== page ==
Postpartum Depression: 6 Signs You Could be at RiskMeredith Carroll
Having a baby is meant to be the happiest time of your life. But if for some reason you feel that it’s not, the reason may be out of your control.
Many moms — 60 to 80 percent of them — experience the baby blues, which is a mild form of depression that lasts just a few days or up to a couple of weeks after delivery. Symptoms include being weepy, anxious, irritable and unable to sleep (because of reasons other than a needy baby). Rest and some extra helping hands usually take care of it.
But sometimes the blues don’t end after a few weeks, which could be a sign of postpartum depression (PPD), suffered by 10 to 20 percent of new moms. PPD, which can last for up to a year, is believed to a combination of psychological, genetic, environmental, hormonal and biochemical factors.
Are you at risk of PPD? Here are some warning signs (although just be aware that if you can relate to one or none of these symptoms on the list doesn’t necessarily mean you will or won’t experience PPD):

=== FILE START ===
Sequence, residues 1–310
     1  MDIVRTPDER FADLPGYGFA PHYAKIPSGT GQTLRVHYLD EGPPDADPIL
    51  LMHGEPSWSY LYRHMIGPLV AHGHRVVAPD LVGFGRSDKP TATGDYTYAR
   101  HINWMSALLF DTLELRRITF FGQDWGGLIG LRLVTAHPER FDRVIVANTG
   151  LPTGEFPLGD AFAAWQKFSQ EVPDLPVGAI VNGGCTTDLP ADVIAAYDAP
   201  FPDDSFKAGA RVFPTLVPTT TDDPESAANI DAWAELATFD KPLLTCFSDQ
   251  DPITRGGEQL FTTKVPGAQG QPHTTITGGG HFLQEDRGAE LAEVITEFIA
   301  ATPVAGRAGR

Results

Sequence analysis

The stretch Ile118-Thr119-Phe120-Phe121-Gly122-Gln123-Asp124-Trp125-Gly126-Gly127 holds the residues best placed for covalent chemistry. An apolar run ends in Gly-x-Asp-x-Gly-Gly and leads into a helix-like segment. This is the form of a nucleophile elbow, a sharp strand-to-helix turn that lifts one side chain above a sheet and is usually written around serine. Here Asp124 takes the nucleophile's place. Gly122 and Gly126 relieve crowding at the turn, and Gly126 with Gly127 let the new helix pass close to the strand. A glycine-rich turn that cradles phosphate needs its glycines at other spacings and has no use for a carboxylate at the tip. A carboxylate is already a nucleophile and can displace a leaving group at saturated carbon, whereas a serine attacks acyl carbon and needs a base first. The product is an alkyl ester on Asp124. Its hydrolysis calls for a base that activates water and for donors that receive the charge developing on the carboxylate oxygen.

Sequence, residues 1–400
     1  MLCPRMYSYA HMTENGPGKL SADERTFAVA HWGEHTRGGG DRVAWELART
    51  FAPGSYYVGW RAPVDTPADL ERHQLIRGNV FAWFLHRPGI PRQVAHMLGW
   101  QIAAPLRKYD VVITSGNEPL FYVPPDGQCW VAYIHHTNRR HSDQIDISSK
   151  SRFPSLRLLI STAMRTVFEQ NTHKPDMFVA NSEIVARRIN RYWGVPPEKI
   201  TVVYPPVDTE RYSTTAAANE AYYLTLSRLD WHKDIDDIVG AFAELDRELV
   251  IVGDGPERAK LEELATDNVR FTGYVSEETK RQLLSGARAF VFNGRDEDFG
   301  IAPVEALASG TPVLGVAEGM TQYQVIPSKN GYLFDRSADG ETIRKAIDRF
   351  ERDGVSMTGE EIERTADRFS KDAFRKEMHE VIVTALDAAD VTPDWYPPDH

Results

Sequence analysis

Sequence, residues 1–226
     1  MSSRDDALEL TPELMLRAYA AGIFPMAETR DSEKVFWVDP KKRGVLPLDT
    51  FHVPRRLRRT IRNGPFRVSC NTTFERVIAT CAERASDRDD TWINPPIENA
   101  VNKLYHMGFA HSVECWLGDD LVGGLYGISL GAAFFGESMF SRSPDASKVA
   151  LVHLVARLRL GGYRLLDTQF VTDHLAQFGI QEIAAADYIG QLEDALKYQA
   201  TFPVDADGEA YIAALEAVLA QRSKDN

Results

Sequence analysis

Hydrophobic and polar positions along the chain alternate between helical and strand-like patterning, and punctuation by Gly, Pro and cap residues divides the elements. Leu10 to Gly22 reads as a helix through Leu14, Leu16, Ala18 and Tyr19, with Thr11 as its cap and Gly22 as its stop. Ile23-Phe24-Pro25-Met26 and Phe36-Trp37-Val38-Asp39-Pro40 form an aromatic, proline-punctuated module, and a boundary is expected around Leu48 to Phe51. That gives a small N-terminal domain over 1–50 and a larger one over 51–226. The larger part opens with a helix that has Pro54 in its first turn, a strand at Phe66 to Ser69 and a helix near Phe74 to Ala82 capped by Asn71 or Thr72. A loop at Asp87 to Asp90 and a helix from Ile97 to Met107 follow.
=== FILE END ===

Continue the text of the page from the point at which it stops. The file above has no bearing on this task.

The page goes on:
History of Depression 1 of 6Is there a history of depression or anxiety in your family, or did you suffer from one or both during your pregnancy? About half of women who experience depression in their pregnancy also experience it postpartum.
Unplanned Pregnancy 2 of 6If getting pregnant was a surprise, your risk for experiencing PPD increases.
Unsupportive Spouse/Marital Problems 3 of 6Even if you're thrilled to be having a baby, having a spouse or partner who isn't could contribute to you suffering from PPD.
Financial Problems 4 of 6If you're already under duress about money matters, having a baby could lead to the causes of PPD.
Life Changes 5 of 6Have you or someone close to you lost a job recently? Did you just move? Big swings in what's happening in your life may contribute to PPD.
PMS 6 of 6Before you were pregnant, did you experience severe premenstrual syndrome? That's one indication you might be prone to PPD.
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